The world shone bright behind the house. The trees came close together to form a low roof of branches, light bulbs hanging from them, the cords weaving through Fall-touched, golden leaves.
Two rattan chair were strategically placed before a fire pit that opened like a bowl. I didn’t recognize the metal it was made out of, but it glistened with a bronze tint, the surface like a polished mirror, clean like it had never been used before.
I immediately noticed the heavy woolen blankets on the chairs, and the cushions with stag faces on them. They were a bit tacky, but somehow they belonged there just fine.
A coffee table sat in between the chairs with two metal mugs atop. My stomach clenched. It looked for a second like he’d been waiting for me. But, there was no steam rising from the mugs. They were empty. Decoration, like everything else. The mugs were of the same metal that made the fire pit. They matched perfectly. Shiny. Luminous. Golden red.
Two ground lanterns sat behind one of the chairs. One was as big as the chair, in fact. The other was a bit smaller. Tall, thick candles burned inside them, and I could make out their shapes through the foggy glass panels.
And, not too far back, a tall pine tree sat covered in Christmas lights. Unreachable. I almost didn’t notice it at first. It blend in the background of shiny foliage.
He stood beside me as I gawked at his backyard, his hands in his pockets.
“It’s beautiful,” I said.
He nodded, but his expression remained frozen.
“Is it like this all year long?” Halloween was approaching. Bats and spiderwebs didn’t quite match his family’s Christmasy landscaping. I couldn’t imagine them replacing all the golden lights with purple and orange ones.
My first instinct was to take a step into the backyard, but something stopped me. I felt like an intruder prying into private thoughts. I worried I somehow could disturb the place just by being there... You see, there were two armchairs. Two blankets. Two mugs. The perfect illusion of familial intimacy... and only that. An illusion. Nothing more. He suddenly seemed more lonely than I already suspected he was.
“Do you know when your parents are coming back?” I said, and his eyes then narrowed like I’d poked an open wound. I’d sounded like my mom. She was always commenting on how “a fifteen-year-old boy shouldn’t be left to his own devices.” I regretted having asked it.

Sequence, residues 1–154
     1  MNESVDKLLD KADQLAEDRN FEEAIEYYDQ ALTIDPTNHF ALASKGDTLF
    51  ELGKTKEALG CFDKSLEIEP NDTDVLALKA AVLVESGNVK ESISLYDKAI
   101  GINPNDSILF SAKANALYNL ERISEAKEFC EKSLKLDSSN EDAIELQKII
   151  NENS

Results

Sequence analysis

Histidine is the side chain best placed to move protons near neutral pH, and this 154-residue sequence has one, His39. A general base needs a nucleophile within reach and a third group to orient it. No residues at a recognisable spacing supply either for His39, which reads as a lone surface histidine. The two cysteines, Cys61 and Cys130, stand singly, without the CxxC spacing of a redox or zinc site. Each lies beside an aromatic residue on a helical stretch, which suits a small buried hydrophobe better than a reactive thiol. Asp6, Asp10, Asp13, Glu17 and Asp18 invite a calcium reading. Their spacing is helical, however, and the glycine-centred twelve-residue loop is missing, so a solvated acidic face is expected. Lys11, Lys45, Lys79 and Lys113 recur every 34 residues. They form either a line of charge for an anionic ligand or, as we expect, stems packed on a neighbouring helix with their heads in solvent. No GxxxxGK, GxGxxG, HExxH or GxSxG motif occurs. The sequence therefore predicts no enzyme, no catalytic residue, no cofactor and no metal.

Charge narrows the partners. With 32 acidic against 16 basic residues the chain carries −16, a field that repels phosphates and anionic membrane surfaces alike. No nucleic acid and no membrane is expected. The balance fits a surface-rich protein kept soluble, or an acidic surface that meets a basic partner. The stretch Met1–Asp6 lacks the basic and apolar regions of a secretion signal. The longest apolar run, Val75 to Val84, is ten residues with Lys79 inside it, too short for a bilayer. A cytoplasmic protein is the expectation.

“The dates they give me always change,” he said, and sat down on the red stone steps. I sat down beside him. Even he knew not to step on the ground. The backyard was just a pretty live picture to be looked at.
The golden glow of the lights shone on us, but, even though bathed in light, his eyes remained dull.
“You see that?” He said, pointing at a spot near the lanterns.
I squinted at the direction and craned my neck. An involuntary gasp escaped me when I spotted it. A toy. A small wooden figurine. It sat with its back resting against one of the lanterns. I felt myself smile.
“It was my brother’s,” he said.
“I didn’t know you have a bro--”
My words died the moment I glanced at him. He glanced back at me.
“You didn’t know I had a brother?” He finished it for me, correcting the tense. His dark eyes never looked so somber.
“I’m sorry,” I said, mentally kicking myself for being so careless. I got on my feet. He stood up, too.
“Are you leaving?”
Suddenly, the backyard didn’t look so enchanting anymore. That increasing sense of intrusion was starting to feel unbearable, like an invisible wall forcing me farther and farther away from it.
“I said I wouldn’t be late for dinner,” I lied, turned around, and saw myself out. As I strode up the side of the house, I heard footsteps quickly approaching behind me. I looked over my shoulder, certain that I’d find him standing there. But I found no one.